With a drop of 5.8%, France reports its largest GDP drop since 1949, knocked down by 8 weeks of lock-down. The fall appears like a monster compared to the -1.6% during the debt crisis of 2009, and more severe than the -5.3% of 1968 caused by 10 million workers going on a nation-wide strike for ten weeks. All those drinks and meals that people didn’t order, all those things and services they didn’t buy, all those entertainment facilities that they didn’t enjoy, all those trade deals and investments that were cancelled or postponed, all those travel and holidays spendings that did not happen under the lock-down, seem to have been more fatal to the economy than a global debt crisis and a paralyzing general strike that even made it to the history books.
China on the other hand, in an unusual move has ditched its 2020 growth target for the first time since 1994 – ever since it began revealing its GDP objectives (usually 6%). While the extent of the Covid-19 impact on the Chinese economy is unknown, we already have a brutal 6.8% drop of its GDP for the first quarter of 2020.
These gloomy GDP numbers so far cover the first quarter of the year, and we still have nine months to go to reach the final outcome over one complete cycle. Economists are expecting an estimated fall of 2.4% of the World GDP in 2020 with -5.2% in the US and -7.3% in the Eurozone, and thus a confrontation with a short-term recession that may be around the corner.
But while the economy in the near future looks like an empty desert, the S&P Global Ratings Economists forecast a rebound in the global growth by 5.9% in 2021. Historical data from the previous pandemics show that in those cases most of the effects were confined within the first three to four months after the outbreak of the pandemic: in case of SARS in Hong Kong in 2003, the economy was severely impacted in the second quarter, but the third and fourth quarters saw a prompt recovery (GDP 1% up versus the previous year) and in case of the Spanish flu in 1918-19, in Canada the retails sales jumped suddenly 8% in January 1919 after four months of negative growth.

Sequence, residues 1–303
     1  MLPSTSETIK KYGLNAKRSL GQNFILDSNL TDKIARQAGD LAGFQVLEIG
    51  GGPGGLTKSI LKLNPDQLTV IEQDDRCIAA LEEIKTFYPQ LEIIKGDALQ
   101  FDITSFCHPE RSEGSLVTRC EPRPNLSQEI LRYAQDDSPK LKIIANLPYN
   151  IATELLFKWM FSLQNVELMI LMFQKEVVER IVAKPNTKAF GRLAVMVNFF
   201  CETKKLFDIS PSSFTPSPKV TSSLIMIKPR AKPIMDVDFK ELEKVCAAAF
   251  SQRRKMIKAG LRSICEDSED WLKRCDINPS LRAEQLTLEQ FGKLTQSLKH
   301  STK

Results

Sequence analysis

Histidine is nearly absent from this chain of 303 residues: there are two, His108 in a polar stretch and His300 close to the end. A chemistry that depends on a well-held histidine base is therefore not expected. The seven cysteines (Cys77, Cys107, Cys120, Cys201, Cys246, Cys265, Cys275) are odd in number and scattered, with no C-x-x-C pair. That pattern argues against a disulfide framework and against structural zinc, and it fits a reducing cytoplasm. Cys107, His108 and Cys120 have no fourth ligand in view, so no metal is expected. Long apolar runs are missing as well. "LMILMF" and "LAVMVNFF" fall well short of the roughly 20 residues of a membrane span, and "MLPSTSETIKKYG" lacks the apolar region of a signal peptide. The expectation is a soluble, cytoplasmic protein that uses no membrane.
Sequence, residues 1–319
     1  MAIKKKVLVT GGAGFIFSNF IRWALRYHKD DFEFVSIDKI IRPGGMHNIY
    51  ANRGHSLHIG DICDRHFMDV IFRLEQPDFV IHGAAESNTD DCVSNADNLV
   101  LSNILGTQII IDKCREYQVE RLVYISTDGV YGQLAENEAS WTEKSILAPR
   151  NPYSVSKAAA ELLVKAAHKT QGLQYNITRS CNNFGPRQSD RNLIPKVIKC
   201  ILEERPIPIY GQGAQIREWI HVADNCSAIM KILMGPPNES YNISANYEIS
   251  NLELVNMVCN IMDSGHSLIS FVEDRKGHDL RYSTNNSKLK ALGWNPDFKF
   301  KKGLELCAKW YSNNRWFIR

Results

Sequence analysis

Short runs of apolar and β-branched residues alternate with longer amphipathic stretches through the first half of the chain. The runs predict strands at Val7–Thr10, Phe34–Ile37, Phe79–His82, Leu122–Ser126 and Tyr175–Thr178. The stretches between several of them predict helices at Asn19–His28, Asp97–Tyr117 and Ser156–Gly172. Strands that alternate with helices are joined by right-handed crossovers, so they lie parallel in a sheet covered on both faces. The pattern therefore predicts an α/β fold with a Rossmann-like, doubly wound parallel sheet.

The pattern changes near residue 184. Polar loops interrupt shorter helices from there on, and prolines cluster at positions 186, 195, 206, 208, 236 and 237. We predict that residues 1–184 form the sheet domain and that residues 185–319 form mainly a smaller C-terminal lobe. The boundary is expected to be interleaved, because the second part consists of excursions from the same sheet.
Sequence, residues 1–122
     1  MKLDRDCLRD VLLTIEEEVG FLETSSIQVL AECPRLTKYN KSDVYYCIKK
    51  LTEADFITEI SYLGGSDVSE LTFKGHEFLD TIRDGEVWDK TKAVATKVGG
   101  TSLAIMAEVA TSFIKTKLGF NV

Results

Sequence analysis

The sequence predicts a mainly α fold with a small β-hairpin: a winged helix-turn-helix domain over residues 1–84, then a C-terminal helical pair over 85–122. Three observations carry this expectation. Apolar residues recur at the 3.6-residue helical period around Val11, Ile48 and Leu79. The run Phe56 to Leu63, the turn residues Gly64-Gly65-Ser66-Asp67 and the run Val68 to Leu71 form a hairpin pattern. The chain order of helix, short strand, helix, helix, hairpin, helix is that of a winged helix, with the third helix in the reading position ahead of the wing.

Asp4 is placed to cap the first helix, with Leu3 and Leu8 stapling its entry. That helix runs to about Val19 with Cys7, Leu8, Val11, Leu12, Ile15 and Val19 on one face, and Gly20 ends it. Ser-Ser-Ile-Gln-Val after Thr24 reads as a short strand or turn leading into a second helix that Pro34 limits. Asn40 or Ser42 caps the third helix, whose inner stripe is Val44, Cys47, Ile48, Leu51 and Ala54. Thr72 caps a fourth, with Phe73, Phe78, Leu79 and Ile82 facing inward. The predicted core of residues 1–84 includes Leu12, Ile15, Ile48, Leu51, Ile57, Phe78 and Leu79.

First of all we should bear in mind that the ultra weak consumption rate caused by the great lock-down is in fact a positive shock on savings, which will partly be spent in the quarters following the pandemic. Also the reallocation of consumption from one quarter to another, a well-known consequence of major disasters, will surprise us in the recovery phase. For example the 9/11 terrorist attack led to a substantial reallocation of consumption from the third to the fourth quarter in 2001.
According to the ECB, the French have saved nearly 20blnEUR in March, taking the total savings currently to more than 60blnEUR since the lockdown started. Italian households have put aside 16.8blnEUR, the Spanish 10.1blnEUR, and in the UK bank deposits have jumped to 13.1bln£ says the BOE. Only in Germany bank deposits have dropped as it appears the Germans like to have their savings in cash with them in times of crisis, hence the bank withdrawals.
With these savings piled up, the German insurer Allianz sees a total of 400blnEUR extra savings by the end of the year, which amounts to 3% of the EU economy.
Even the Americans have learnt to save. According to the Federal Reserve Bank of Saint Louis, the total amount of dollars held in saving deposits has jumped to 10.2trillion dollars, up 4.4% from March to April, regardless of the 2% drop of the personal incomes nationwide in the recent months.